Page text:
The Republican National Committee ended its ties with Strategic Allied Consulting, a firm hired to register voters for the 2012 election, as Florida prosecutors investigate suspected voter fraud. The RNC's decision to cancel its contract with Strategic Allied, founded by Nathan Sproul, comes just days before voter registration deadlines in many battleground states. This judgment has essentially halted all Republican registration effort in the key swing states of Florida, Virginia, Colorado, Nevada, and North Carolina.
With a close election there are concerns whether or not the allegations will hurt the Republican presidential candidate, Mitt Romney. "In any swing state that's going to be significant because these elections are so close," Lance deHaven-Smith, a Florida State University political science professor in Tallahassee said. "This gives an advantage to Obama."
Sproul has a history of prior questionable election actions, such as discarding voter registration forms completed by Democrats, in an effort to aid Republican candidates, but none of these allegations have led to formal charges.
Media Resources: Maddow Blog 10/02/12; Bloomberg 10/01/12; LA Times 09/27/12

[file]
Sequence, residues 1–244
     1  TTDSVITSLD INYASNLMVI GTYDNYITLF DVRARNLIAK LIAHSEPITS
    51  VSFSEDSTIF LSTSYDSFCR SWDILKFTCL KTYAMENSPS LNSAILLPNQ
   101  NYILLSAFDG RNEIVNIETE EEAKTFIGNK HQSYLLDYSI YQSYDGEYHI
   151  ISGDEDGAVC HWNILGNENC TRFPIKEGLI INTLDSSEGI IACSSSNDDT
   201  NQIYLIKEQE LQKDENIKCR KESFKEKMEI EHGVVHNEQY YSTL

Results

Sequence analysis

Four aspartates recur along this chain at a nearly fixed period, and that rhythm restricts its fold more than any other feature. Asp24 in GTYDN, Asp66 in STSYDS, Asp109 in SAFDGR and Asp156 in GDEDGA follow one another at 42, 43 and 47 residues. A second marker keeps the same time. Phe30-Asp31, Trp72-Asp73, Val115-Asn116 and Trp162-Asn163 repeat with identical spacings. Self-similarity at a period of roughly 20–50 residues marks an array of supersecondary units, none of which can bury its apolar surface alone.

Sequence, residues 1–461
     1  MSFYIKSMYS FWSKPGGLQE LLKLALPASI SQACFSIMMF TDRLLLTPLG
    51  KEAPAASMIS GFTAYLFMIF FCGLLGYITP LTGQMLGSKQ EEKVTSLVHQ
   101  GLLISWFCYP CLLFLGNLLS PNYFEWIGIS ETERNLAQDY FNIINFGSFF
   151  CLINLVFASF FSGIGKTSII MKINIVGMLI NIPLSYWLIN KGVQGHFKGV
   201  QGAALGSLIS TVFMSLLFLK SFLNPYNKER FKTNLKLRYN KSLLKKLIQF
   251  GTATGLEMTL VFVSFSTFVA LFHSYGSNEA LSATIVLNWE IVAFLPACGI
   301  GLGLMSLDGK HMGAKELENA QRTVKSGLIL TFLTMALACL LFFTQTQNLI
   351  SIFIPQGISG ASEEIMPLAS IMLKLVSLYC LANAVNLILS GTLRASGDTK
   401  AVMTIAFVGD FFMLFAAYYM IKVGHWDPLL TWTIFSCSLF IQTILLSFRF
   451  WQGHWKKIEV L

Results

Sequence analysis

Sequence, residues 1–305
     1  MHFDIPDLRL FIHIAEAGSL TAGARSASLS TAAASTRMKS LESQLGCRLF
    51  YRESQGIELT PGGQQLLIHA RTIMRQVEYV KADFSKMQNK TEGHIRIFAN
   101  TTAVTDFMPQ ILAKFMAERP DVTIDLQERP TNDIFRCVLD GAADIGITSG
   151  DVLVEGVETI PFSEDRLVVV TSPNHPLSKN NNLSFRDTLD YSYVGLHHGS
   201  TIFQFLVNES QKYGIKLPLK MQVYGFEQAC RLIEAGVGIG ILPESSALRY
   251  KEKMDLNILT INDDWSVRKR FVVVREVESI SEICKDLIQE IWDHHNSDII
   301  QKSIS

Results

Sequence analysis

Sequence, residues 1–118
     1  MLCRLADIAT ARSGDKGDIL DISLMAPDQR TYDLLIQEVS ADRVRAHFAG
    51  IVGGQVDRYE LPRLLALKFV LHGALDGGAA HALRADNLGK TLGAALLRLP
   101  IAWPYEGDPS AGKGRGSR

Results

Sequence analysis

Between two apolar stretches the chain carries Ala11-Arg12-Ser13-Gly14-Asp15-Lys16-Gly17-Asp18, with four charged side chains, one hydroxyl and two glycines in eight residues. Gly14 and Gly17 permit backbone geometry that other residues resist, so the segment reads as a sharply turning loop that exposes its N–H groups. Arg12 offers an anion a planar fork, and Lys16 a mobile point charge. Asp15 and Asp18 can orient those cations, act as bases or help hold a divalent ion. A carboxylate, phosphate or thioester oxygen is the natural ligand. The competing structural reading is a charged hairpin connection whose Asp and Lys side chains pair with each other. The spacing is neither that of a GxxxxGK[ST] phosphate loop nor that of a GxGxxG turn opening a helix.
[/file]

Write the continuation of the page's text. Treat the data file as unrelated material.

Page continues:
12/9/2013 Mixed Results for Afghanistan's Anti-Violence Against Women Law - The United Nations Assistance Mission in Afghanistan (UNAMA) and the Office of the UN High Commissioner for Human Rights (OHCHR) released their annual report on violence against women in Afghanistan yesterday, revealing mixed results of the country's Elimination of Violence against Women Law.
"A Way to Go: An Update on Implementation of the Law on the Elimination of Violence against Women in Afghanistan [PDF]," found that there was a 28 percent increase in reports of violence against women from 2012 to 2013 , but only 17 percent of those were prosecuted under EVAW - a small 2 percent increase from last year.
The law, which was issued by the executive decree of President Hamid Karzai in 2009, criminalizes 22 acts of violence against women and specifies punishment for perpetrators. . . .